A popular destination for international students, Paris is a tricky place to find accommodation, with very little in the way of university-provided halls and a minefield of traps to avoid. Ingri Bergo shares what she learned as a foreign student.
When I moved to Paris in 2016, I had virtually no information about how the housing market worked. Naively, I thought I could just sign up with an agency, and get an apartment that same day.
I soon learned the hard way that I was wrong. As a student looking for an apartment in Paris, you won't get any special treatment, but will be chucked into the same rental market as everyone else, competing with people who have jobs and incomes.
Here's a list of the things I wish I had known before starting my apartment hunt:
1. Don't assume you can 'just Airbnb for a month'
Renting an Airbnb while you “figure out” things is a really bad idea. Airbnbs in Paris are expensive and finding a place to rent can take a while. So unless you’re prepared to splurge a lot of cash this way, I’d recommend starting to look early.
Don’t do what I did and start looking a couple of weeks before the semester begins, thinking “it surely can’t be that difficult.” It is.
2. Do your research
That brings us to the next point, which is thorough research. Useful websites to look at are seloger.com, pap.fr, or appartager.com if you are looking for a flat share. Leboncoin.fr - a website where people sell and buy all kinds of things in France - also has an apartment section.
All these sites can be tricky to navigate for people who don’t speak French. If you struggle, you could check out social media groups such as Plan appart à Paris, Plan Appart étudiant, Plan coloc à Paris and a series of others.
Sometimes these sites can be easier for non-French speakers because some people publish posts in English.
Another option is to get a room at the Cité Universitaire student campus in the south of the capital, which hosts thousands of students of different nationalities. Cité Universitaire has a campus of dozens of houses established by different countries.
They are called Maison de Japon, Maison de Norvège, Maison des Etats-Unis, Maison du Liban, etc, but you can apply for a room in a house that does not belong to your home country. Prices vary between the houses, but are generally lower than what you get when looking for apartments in the centre. There is also a gym, a pool and a library that you can access and the premises are just next to the Montsouris park (and living next to a large green space in Paris is quite a luxury).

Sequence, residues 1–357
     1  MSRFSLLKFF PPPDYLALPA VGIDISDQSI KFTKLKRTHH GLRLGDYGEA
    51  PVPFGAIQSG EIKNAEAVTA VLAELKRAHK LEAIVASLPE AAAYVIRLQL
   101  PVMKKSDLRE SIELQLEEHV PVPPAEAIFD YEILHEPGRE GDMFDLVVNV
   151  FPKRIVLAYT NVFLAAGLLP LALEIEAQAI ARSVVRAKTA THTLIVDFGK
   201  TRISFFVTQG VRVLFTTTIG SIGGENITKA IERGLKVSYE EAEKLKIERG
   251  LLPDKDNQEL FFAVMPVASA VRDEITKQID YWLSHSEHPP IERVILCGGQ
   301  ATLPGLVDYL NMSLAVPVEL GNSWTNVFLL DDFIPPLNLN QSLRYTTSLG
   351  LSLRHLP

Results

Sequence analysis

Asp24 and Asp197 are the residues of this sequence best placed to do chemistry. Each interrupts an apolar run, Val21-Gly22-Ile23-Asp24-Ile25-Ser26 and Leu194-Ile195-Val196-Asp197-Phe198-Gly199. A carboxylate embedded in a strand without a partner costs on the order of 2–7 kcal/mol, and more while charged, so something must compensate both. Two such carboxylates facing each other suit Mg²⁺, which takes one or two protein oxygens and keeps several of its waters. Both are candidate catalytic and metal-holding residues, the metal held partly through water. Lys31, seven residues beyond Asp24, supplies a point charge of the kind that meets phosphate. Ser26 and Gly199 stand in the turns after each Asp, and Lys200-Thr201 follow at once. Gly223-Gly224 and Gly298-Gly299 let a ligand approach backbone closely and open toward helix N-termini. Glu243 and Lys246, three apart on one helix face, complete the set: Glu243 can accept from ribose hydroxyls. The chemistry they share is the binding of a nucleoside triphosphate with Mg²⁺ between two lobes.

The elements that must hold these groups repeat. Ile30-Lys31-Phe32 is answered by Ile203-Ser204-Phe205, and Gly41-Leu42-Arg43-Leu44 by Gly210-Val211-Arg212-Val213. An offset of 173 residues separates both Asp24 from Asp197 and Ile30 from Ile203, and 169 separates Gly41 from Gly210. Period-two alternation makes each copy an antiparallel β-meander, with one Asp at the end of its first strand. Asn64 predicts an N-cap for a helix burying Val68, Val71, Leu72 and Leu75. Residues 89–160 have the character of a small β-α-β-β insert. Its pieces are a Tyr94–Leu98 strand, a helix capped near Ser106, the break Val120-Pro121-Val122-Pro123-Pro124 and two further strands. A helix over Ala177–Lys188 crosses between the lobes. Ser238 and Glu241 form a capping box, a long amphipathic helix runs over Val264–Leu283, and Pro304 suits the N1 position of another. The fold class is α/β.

3. Lower your expectations
Many international students will be slightly shocked when starting to sweep through the Paris housing market, which is notoriously expensive and of poor quality.
Apartments (and not just for students) are generally small. A dishwasher is a luxury most students can't afford. Some apartments don't have washing machines so you may have to get used to popping your dirty clothes in a basket and trotting off to the nearest laundry.
4. But don't accept just anything
Be sure to check that the apartment has what's necessary to actually live in it, especially if you're planning to stay for a few months.
Beware of so-called chambre de bonnes (maids’ rooms), which sounds like something charming but really isn’t. A chambre de bonne is a leftover from back in the days when Parisians had domestics. They are attached to houses or apartments and are often in nice and central areas, but were frequently built without a bathroom or running water, and are sometimes not even legal to rent out (although people still do).
5. Visit if you can
This can be tricky for students who come from afar, but if you are able to visit the place or get someone else to do it for you, you should. Chances are the apartment does not look at all like the pictures, and you could be saving yourself a big bunch of stress by seeing the place before signing a contract.
If you can visit AND you speak French, try chatting to the neighbours to see if they have experienced any issues you should beware of - such as loud noises, cockroaches or mice.
6. Have your 'dossier' ready
This is key, although it's often a confusing point for foreigners.
Before you even start looking at adverts you will need to prepare a dossier that includes proof of identity, financial situation, bank details, work/study situation and proof of your current address. This is the case for all tenancies, not just students.
Whereas in the UK it's more common for landlords or agencies to accept your offer first, then start doing financial checks, in France it's the other way round. Many agencies won't even let you view an apartment unless you have provided a dossier proving that you are an upstanding citizen of sound financial prospects.
This is a common problem for foreign students, who don't have a French bank account or a work contract. Some agencies accept a foreign financial garant (guarantor), and the guarantor will need to prepare a dossier too.
If you don't have access to a financial guarantor, check out GarantMe, which is a startup created by former foreign students in Paris to help others in the same situation get an apartment.
7. You don’t have to live in the centre
Paris' city centre is beautiful and yes, we all would love to live just across from the Sacré-Cœur Basilica, or Notre Dame, or in the buzzing new and hip areas of the 11th arrondissement.
However, Paris is becoming increasingly gentrified, with steep prices pushing people further and further out of the city. As a result, the banlieues (suburbs) are becoming better and better connected to the city centre.
Prices drop as soon as you move into the suburbs, and they are far, far nicer than their reputation suggests. For more information about the different Parisian suburbs, check out the link below.
“article first appeared at The Local France”